LITTLE ROCK, Ark. -- Johnny Majors has made it clear in the past he was not happy with the way he left Tennessee. Majors was fired in 1992, and his assistant, Phillip Fulmer, succeeded him.
On Monday at the Little Rock Touchdown Club, Majors said he still has fond memories of Tennessee, but he drew a laugh from the crowd full of Arkansas fans when a took a small dig at Fulmer.
"I don't pull against those players up there," Majors said.
"But I don't have any regard for Judas Brutus, who's coaching up
Fulmer, the current coach of the Volunteers, was a top assistant
to Majors when Majors underwent heart surgery in 1992, and took
over the team for three victories while Majors was recovering. He
was named head coach following Majors' dismissal.
A call to the Tennessee sports information office seeking
comment from Fulmer was not returned.
Majors spoke for about 45 minutes, entertaining the crowd with
stories about his playing days at Tennessee, his years as an
assistant to Arkansas coach Frank Broyles, and a head coaching
career that spanned almost three decades.
Majors was a star running back at Tennessee during the 1950s, finishing second to Notre Dame's Paul Hornung in the '56 Heisman
Trophy race. He went 184-137-10 as a head coach at Iowa State,
Tennessee and Pittsburgh.
He led Pitt to the 1976 national title, then left a few days
later to coach Tennessee. He spent 16 seasons there, but missed the
first three games in 1992 while he recovered from heart bypass
surgery. The Volunteers, coached by Fulmer, got off to a 3-0 start.
Majors unexpectedly returned and Tennessee lost three of its
next five games. With three games left, the university said Majors
would not return for another season. He later went back to Pitt.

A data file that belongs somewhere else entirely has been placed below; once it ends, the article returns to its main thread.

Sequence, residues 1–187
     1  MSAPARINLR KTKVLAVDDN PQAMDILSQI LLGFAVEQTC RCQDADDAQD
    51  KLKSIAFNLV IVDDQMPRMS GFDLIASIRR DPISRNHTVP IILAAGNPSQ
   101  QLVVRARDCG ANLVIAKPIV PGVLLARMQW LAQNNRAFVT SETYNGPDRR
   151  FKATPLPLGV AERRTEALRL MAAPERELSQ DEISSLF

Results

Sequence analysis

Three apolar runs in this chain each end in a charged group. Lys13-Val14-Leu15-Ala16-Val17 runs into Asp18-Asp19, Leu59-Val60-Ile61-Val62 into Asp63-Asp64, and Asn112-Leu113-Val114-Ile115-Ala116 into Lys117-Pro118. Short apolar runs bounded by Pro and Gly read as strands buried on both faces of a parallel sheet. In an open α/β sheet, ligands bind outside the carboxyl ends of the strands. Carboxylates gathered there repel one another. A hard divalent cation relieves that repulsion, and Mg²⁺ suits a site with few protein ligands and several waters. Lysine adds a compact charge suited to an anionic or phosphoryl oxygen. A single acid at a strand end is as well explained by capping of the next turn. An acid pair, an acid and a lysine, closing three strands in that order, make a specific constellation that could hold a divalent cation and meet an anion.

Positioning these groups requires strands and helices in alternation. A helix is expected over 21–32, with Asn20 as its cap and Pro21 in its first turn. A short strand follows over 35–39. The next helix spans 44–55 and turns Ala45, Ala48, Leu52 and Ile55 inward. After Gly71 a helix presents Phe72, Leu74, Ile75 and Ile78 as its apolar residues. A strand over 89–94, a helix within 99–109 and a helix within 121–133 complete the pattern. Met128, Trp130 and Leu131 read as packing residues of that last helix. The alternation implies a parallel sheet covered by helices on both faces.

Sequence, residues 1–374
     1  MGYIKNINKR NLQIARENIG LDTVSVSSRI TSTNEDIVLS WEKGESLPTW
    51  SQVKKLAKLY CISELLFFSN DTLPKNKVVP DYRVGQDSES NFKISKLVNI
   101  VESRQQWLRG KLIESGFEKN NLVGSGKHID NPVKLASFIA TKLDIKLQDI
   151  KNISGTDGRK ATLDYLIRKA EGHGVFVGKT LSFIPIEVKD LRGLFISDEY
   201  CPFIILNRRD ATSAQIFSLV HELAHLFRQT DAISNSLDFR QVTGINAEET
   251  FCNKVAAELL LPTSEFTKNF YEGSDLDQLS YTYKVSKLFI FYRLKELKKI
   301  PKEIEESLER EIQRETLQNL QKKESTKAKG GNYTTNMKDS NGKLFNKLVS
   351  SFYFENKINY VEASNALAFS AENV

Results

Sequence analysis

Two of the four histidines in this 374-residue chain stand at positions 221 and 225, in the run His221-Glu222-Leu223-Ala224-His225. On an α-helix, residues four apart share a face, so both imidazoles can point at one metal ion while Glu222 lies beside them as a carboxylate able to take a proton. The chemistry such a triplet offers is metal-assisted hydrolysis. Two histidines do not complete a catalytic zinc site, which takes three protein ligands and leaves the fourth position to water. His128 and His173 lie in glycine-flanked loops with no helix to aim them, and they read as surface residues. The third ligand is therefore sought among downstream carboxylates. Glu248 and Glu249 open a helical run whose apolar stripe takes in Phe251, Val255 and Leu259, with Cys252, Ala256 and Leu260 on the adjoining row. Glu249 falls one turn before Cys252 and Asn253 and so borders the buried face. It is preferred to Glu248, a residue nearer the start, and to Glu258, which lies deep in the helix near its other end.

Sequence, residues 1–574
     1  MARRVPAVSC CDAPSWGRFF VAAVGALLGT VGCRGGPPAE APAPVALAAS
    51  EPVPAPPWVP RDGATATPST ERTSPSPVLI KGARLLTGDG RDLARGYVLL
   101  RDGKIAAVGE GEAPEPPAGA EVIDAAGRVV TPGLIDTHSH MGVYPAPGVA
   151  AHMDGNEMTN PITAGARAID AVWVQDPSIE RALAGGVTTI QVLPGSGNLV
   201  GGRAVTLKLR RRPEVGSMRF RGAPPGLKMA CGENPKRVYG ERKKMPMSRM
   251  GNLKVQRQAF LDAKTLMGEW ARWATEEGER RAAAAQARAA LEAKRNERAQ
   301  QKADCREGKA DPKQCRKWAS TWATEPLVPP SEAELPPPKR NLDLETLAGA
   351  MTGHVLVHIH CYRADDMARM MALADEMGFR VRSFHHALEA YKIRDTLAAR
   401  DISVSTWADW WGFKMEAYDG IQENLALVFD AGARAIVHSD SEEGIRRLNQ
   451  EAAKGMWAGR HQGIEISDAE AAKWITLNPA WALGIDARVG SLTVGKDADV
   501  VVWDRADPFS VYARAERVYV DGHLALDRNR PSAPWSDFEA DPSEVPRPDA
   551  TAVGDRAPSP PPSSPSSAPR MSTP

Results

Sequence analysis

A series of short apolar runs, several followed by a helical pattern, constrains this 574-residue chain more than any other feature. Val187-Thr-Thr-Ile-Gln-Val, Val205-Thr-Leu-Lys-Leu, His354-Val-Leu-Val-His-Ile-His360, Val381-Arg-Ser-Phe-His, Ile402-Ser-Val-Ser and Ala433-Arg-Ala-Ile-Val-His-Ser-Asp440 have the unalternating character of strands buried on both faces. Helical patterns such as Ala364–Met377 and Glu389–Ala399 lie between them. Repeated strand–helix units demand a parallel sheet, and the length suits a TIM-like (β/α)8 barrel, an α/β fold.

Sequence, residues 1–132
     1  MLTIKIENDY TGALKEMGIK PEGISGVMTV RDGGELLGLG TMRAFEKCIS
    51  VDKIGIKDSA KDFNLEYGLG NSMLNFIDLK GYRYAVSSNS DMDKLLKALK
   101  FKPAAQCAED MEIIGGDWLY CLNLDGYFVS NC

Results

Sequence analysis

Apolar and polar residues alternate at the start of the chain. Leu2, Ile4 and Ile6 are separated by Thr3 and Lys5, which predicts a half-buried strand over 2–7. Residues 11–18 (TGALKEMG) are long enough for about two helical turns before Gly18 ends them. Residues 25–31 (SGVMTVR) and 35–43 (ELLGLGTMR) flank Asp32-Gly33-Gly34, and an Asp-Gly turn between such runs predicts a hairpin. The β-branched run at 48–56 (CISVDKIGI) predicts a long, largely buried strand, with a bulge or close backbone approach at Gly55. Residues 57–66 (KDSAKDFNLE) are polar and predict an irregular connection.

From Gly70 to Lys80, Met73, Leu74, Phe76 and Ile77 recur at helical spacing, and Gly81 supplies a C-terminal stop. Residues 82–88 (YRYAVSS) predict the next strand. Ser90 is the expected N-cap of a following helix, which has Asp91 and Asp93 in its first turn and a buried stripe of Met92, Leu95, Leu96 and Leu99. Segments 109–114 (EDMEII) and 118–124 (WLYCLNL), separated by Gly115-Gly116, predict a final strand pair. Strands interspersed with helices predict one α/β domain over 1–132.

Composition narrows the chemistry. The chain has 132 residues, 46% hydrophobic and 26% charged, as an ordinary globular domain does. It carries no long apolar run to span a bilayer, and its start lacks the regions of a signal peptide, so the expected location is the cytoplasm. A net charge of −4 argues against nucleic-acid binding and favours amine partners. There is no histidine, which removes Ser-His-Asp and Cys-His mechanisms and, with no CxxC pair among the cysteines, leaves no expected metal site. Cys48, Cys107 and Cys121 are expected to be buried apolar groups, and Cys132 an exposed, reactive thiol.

Majors has returned to Tennessee's campus only a few times since
stepping down as coach, but he was there last month for a tribute
to his 1985 team that won the Sugar Bowl.
"They've been great to me and my family for a long, long time
since I went there as a freshman in 1953." Majors said Monday. "I
am not a bitter man, I am not an angry man. I am having too much of
a good time living."
Majors amused the Razorback partisans with his comments about Tennessee, but they appeared just as interested when he talked about his experiences at Arkansas. Majors became an assistant on
the Razorbacks' staff in 1964, the year Arkansas went 11-0 and
finished ranked No. 1 by the Football Writers Association of
Arkansas shut out its last five regular-season opponents that
year before beating Nebraska 10-7 in the Cotton Bowl.
"When they don't score, it's pretty hard to lose," Majors
Majors became the coach at Iowa State in 1968, where his
assistants included Jimmy Johnson, Jackie Sherrill and Larry
Lacewell, who went on to coach at Arkansas State, was in the
audience Monday. Majors took the opportunity to needle him a bit.
"Larry Lacewell, Jimmy Johnson and Jackie Sherrill were on my
first staff up there. Man, they had all the answers," he said with
a touch of sarcasm.
Majors went to Pitt in 1973, taking over a team that had won one
game the previous season and eventually winning a national title.
After a 16-year stay at Tennessee, he went back to coach the
Panthers, trying to resurrect the program for a second time. But he
went 11-32 in his second stint and retired at the end of the 1996
Majors said he never forgot the lessons he learned from Broyles
and the rest of the Arkansas staff, and he still has an obvious
soft spot for the school and its supporters.
"There's none better anywhere in the country than the Arkansas
Razorback fans," he said. "You have a stellar group here."